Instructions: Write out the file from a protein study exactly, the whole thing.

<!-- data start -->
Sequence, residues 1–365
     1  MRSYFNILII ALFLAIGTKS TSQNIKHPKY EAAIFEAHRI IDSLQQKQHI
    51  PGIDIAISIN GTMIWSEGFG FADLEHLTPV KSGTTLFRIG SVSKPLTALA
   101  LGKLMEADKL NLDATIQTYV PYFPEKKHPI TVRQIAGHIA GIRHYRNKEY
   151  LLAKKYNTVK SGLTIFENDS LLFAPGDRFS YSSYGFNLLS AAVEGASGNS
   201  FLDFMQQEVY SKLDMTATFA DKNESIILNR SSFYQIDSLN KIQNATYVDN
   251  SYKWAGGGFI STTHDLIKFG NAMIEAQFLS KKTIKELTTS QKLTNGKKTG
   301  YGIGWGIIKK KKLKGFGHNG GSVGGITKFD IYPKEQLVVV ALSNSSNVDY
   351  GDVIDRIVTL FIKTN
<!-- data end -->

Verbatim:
Sequence, residues 1–365
     1  MRSYFNILII ALFLAIGTKS TSQNIKHPKY EAAIFEAHRI IDSLQQKQHI
    51  PGIDIAISIN GTMIWSEGFG FADLEHLTPV KSGTTLFRIG SVSKPLTALA
   101  LGKLMEADKL NLDATIQTYV PYFPEKKHPI TVRQIAGHIA GIRHYRNKEY
   151  LLAKKYNTVK SGLTIFENDS LLFAPGDRFS YSSYGFNLLS AAVEGASGNS
   201  FLDFMQQEVY SKLDMTATFA DKNESIILNR SSFYQIDSLN KIQNATYVDN
   251  SYKWAGGGFI STTHDLIKFG NAMIEAQFLS KKTIKELTTS QKLTNGKKTG
   301  YGIGWGIIKK KKLKGFGHNG GSVGGITKFD IYPKEQLVVV ALSNSSNVDY
   351  GDVIDRIVTL FIKTN